ITF: Secret TiSA road transport plans ‘disastrous’

The International Transport Workers' Federation has strongly criticised another secret text leaked from the Trade in Services Agreement (TiSA) process.

The text has been published today by Wikileaks (https://wikileaks.org/tisa/press.html) to coincide with the latest TiSA talks.

The 23 governments involved, together with the EU, aim to conclude an international trade treaty that would liberalise the worldwide trade of services, including transport. The TISA texts have been negotiated in secret with no possibility of the inclusion of a sustainability or labour chapter.

"In road freight transport this is particularly disastrous. There are so many labour market and social problems in the sector that even the EU has stated it sees no value in this text," said ITF road transport secretary Mac Urata.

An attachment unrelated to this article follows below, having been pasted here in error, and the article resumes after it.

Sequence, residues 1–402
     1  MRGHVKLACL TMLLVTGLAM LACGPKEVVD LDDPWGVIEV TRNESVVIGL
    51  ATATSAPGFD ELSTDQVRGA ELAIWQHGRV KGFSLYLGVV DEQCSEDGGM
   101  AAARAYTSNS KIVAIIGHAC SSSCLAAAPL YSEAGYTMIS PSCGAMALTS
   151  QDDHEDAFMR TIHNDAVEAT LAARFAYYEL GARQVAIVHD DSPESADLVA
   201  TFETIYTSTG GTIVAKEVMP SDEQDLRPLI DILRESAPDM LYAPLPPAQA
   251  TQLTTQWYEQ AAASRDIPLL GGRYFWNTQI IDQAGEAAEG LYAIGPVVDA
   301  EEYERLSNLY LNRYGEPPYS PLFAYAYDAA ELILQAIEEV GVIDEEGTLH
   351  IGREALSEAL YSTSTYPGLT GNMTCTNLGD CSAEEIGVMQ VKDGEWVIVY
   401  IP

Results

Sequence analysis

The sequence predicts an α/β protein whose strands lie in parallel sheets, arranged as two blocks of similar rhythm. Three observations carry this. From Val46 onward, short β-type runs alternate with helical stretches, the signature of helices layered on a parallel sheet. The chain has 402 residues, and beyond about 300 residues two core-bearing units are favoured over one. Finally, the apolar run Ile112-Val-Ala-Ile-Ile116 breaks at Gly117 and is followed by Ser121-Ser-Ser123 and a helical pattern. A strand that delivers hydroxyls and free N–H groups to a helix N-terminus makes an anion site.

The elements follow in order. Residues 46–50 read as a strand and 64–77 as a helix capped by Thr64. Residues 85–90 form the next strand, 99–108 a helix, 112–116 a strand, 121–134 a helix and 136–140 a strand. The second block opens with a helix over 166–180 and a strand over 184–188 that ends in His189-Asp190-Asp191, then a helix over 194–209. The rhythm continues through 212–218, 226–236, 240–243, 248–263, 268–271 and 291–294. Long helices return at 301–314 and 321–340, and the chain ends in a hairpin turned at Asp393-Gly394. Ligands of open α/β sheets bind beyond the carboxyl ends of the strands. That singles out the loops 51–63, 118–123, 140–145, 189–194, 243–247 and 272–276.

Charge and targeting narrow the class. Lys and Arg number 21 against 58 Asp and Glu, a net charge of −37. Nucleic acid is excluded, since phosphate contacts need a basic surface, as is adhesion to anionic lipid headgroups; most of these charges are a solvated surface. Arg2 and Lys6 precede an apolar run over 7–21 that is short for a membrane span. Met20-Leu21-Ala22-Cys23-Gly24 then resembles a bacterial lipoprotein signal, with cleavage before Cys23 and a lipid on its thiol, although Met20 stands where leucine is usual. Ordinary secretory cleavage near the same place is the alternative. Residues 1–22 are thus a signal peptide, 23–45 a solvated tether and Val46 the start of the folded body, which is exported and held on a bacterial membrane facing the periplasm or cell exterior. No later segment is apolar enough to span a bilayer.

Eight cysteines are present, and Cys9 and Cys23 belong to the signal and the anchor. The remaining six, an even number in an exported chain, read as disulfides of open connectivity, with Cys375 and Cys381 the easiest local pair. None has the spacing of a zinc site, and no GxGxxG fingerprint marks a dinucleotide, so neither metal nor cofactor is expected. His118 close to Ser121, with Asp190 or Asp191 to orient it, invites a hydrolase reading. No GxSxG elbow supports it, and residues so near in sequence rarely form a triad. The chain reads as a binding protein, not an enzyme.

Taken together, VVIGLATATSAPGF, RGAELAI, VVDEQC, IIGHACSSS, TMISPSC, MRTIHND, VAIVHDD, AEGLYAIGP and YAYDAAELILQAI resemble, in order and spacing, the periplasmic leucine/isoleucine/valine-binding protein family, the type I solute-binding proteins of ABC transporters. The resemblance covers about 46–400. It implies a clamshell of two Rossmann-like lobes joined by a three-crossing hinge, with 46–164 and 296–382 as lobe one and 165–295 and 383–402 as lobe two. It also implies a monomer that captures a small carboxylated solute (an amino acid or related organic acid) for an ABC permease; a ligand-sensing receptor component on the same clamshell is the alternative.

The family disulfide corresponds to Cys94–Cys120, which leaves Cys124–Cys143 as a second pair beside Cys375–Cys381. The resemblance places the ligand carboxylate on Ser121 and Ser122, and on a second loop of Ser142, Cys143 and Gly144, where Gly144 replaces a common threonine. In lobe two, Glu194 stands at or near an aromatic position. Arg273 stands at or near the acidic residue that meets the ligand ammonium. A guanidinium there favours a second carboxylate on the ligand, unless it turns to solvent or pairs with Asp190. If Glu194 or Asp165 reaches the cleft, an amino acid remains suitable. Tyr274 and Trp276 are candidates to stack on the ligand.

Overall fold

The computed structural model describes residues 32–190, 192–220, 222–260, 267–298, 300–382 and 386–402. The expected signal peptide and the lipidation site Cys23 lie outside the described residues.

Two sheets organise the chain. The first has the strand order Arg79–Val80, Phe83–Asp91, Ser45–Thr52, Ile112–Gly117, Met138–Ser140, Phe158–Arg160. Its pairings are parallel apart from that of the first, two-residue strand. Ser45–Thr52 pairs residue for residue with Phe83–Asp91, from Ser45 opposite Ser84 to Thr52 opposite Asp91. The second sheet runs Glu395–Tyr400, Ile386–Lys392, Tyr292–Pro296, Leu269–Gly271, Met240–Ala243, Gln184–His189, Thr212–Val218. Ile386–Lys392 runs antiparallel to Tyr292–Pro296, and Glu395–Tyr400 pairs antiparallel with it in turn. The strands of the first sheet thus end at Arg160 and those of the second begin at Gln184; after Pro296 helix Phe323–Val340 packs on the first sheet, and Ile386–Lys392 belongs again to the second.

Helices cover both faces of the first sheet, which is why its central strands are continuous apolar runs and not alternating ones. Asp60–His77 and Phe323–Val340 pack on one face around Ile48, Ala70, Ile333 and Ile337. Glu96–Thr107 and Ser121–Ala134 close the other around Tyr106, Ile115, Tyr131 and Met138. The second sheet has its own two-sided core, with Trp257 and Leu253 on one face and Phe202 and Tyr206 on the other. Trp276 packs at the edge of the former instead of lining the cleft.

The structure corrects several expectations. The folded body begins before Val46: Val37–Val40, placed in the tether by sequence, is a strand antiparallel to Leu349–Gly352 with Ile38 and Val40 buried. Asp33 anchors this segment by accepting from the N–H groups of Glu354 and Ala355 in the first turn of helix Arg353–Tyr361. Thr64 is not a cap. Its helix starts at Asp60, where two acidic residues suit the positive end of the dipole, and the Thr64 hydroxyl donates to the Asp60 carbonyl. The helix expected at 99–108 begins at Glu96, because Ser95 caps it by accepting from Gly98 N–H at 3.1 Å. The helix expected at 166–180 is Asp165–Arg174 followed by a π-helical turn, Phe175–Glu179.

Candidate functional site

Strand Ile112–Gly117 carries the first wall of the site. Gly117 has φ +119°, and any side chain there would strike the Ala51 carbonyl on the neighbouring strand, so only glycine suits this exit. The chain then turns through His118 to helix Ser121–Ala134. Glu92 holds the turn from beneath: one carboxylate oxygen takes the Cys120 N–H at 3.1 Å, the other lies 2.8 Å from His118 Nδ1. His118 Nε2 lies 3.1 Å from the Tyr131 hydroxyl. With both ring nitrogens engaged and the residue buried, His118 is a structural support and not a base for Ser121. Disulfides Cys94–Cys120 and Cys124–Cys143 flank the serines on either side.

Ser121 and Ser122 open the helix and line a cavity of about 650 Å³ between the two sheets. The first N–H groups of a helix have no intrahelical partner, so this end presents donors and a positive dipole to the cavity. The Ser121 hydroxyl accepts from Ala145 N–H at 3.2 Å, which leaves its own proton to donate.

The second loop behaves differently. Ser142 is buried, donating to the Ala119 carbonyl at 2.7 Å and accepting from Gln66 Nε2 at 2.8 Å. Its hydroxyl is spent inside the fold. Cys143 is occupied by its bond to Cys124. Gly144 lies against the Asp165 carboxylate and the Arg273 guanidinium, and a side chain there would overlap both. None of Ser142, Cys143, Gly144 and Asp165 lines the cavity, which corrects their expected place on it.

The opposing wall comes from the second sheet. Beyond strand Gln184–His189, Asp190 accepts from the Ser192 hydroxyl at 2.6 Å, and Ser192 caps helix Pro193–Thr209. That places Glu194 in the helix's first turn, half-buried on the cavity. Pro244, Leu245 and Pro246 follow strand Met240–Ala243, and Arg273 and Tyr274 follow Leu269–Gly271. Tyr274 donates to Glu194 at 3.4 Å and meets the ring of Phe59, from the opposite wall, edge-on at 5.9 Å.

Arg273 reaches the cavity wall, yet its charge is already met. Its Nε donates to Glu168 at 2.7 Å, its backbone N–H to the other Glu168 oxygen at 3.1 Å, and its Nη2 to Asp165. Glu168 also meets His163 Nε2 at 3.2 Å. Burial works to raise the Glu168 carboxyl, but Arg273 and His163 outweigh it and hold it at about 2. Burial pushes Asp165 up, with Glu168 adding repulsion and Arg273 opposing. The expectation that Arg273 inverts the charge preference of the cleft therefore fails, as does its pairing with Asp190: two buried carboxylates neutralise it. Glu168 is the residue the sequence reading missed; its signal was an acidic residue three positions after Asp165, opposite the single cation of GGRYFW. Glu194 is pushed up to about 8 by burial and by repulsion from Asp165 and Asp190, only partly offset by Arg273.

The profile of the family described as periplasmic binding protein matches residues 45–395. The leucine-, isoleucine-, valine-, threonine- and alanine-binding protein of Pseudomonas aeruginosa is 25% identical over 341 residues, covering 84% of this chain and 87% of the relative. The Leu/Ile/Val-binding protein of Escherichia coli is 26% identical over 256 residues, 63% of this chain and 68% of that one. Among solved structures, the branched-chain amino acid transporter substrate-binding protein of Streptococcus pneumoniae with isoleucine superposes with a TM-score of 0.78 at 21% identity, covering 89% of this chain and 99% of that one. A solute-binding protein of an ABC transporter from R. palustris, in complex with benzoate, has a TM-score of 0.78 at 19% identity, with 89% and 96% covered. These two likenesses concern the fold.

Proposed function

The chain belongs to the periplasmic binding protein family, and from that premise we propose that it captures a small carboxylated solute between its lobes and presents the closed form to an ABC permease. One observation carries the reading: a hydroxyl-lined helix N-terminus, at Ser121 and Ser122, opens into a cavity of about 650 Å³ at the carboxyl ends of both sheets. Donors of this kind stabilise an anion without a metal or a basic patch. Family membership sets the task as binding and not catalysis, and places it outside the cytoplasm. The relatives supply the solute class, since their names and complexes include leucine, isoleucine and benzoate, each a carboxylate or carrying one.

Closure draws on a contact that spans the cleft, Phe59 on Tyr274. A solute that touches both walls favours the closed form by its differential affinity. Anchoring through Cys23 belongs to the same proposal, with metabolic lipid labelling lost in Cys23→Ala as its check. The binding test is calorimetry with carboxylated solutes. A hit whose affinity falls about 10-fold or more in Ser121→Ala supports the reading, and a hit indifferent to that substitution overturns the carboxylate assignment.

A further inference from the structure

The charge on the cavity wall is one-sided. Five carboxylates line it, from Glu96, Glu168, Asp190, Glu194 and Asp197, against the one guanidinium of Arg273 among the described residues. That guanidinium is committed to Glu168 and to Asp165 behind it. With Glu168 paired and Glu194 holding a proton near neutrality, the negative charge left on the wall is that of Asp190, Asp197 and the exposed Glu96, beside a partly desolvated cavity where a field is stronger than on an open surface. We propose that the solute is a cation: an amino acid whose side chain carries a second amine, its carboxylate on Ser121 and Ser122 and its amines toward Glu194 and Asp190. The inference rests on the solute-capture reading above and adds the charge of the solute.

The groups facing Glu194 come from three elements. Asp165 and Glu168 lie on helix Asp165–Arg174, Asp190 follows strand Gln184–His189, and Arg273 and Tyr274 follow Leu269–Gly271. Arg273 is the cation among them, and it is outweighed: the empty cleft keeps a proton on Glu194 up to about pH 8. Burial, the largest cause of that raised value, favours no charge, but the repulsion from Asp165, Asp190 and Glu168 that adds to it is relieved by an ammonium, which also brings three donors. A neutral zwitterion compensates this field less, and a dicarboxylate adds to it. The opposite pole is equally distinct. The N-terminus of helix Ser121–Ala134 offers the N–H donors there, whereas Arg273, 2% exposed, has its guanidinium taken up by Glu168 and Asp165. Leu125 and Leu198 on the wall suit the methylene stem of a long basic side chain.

Eastern European drivers and those from further afield are already paid indecently low wages, work extremely long hours and live in insanitary conditions at truck stops and in parking lots across mainland Europe. The ITF believes the leaked proposal would be likely to create similar situations elsewhere in the world. 

"This is not a situation that needs liberalisation – nor does it need replication. Rather it needs better regulation, road safety oversight, health and environmental oversight and proper enforcement," Urata added.

An additional problem was the envisaged issuance of visas to drivers via transport associations, not governments. "This is an irresponsible and unacceptable safety and security risk," he said.

If progressed, this Annex would open up all international and domestic road transport services – including cabotage – of all TiSA signatories to operators from the other signatory countries.

NOTE: The 15th round of talks for a Trade in Services Agreement, which began on 29 November in Geneva, will bring together the TISA parties: 23 members of the World Trade Organization (WTO) including the EU with its 28 Member States counted as a single participant. The 23 countries are Australia, Canada, Chile, Chinese Taipei, Colombia, Costa Rica, the EU, Hong Kong China, Iceland, Israel, Japan, Korea, Liechtenstein, Mauritius, Mexico, New Zealand, Norway, Pakistan, Panama, Peru, Switzerland, Turkey, the United States.

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